Spike Lee to Endorse Bernie Sanders, Voice Ad for the Senator

PHOTO: Democratic presidential candidate Sen. Bernie Sanders gives a concession speech at the Henderson Pavilion, Feb. 20, 2016, in Henderson, Nev. Sanders lost to Democratic presidential candidate Hillary Clinton in the Nevada caucus. PlayEthan Miller/Getty Images
WATCH Bernie Sanders Vows to Stay in the Race Right Up to the Convention

The battle for African-American celebrity backing and voters continues to be a major part of the Democratic nominating contest this week. And the Bernie Sanders campaign will start running radio ads today in South Carolina featuring another famous voice: Spike Lee.

“Waaaaake up! Wake up, South Carolina!” Lee begins in the new spot first obtained by ABC News from the Bernie Sanders campaign. “This is your dude, Spike Lee. And you know that I know that you know that the system is rigged! And for too long we’ve given our votes to corporate puppets. Sold the okie doke. Ninety-nine percent of Americans were hurt by the Great Recession of 2008, and many are still recovering.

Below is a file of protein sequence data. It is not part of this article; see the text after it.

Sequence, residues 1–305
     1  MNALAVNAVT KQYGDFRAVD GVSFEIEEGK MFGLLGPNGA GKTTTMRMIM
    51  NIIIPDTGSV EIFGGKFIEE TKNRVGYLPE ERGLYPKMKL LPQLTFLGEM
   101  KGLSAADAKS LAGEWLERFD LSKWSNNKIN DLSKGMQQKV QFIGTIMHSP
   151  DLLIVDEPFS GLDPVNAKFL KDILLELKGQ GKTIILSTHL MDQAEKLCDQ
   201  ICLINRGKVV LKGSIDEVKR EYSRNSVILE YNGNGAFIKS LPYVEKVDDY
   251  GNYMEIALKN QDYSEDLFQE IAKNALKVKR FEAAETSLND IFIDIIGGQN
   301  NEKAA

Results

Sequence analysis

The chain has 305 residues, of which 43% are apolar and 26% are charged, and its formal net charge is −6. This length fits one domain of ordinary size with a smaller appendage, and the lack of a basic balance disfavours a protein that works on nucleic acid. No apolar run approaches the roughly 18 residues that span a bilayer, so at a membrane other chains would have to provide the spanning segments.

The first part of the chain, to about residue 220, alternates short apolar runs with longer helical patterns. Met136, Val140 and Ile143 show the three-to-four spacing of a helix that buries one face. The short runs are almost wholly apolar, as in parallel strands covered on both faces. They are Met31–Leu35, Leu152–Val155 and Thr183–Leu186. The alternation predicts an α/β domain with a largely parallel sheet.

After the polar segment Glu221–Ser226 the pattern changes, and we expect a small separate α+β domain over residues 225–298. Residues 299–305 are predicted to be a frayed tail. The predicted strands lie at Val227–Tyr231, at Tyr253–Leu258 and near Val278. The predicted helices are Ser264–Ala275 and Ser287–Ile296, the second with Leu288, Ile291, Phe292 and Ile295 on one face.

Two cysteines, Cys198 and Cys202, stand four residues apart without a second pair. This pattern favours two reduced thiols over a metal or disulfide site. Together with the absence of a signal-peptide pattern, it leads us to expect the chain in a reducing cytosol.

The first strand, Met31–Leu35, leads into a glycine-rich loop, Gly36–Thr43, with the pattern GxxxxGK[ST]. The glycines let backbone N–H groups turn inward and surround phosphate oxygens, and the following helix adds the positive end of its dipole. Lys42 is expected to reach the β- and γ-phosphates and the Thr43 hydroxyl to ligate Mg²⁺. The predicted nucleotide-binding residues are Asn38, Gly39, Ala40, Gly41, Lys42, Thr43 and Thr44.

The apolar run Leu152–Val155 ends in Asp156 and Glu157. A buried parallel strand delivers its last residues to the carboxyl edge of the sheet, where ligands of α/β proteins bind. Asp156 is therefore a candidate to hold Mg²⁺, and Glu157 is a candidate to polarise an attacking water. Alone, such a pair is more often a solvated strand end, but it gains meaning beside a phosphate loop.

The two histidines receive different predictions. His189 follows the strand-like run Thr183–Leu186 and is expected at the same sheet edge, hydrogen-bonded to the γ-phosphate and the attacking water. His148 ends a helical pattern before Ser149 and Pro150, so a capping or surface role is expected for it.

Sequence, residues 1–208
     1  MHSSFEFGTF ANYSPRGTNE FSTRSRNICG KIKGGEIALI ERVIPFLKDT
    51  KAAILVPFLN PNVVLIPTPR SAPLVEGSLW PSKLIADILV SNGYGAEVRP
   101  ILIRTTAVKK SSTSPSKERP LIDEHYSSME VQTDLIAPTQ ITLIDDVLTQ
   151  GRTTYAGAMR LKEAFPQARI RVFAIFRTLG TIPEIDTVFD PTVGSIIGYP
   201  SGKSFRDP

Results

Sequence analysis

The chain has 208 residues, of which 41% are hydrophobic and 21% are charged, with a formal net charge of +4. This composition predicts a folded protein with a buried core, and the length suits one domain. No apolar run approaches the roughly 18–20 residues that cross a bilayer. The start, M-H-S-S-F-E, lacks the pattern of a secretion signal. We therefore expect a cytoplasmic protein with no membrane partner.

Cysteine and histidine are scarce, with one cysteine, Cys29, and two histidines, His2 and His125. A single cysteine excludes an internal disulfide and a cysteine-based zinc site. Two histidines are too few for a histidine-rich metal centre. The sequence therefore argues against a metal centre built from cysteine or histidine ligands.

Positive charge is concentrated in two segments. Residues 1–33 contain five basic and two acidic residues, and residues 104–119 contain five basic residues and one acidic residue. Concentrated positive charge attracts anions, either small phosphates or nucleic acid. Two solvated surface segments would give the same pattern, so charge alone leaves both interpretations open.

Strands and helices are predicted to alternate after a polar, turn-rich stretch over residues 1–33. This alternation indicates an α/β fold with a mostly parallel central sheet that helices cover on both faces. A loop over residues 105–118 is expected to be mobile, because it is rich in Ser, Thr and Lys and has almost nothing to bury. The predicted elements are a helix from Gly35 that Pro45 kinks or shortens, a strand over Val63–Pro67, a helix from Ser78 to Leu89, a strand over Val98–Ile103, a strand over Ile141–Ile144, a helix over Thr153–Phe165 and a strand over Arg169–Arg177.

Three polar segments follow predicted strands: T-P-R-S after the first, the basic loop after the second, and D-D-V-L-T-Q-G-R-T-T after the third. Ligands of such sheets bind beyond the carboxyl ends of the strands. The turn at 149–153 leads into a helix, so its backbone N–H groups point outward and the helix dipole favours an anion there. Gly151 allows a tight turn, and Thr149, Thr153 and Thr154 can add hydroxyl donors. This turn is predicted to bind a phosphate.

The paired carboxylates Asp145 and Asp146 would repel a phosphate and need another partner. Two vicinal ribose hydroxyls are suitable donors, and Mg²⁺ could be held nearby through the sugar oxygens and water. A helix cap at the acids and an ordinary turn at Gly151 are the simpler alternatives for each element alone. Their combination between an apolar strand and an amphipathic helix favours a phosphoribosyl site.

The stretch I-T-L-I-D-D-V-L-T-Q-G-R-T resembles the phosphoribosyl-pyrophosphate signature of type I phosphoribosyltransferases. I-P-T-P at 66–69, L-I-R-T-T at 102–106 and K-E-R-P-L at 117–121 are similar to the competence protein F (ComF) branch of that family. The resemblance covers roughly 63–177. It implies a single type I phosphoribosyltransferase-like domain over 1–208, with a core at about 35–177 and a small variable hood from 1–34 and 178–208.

“That’s why I am officially endorsing my brother, Bernie Sanders. Bernie takes no money from corporations. Nada. Which means he’s not on the tape, and when Bernie gets into the White House, he will do the right thing!” the actor, writer and film producer continues in the ad.

The line doubles as a reference to one of Lee’s best-known movies.

In the one-minute ad, Lee goes on to talk about Sanders' record fighting for civil rights, including his being arrested at the University of Chicago for protesting segregation and attending the Rev. Martin Luther King Jr.’s march on Washington. Lee praises Sanders for his consistency on the issues.

Over the weekend, another famous African-American actor, Danny Glover, attended events in the South Carolina on Sanders' behalf as well. The state holds the next primary in the fight for the Democratic nomination on Saturday.

Meanwhile, Hillary Clinton has used one of her backers, Morgan Freeman, and his famous voice in some of her ads.

In 2008, black voters made up 55 percent of Democratic voters in South Carolina. So far, this demographic has voted solidly for Hillary Clinton.

The Sanders campaign, trying now to mitigate a loss in the state, is hoping they will have at least a decent showing of African-American support there.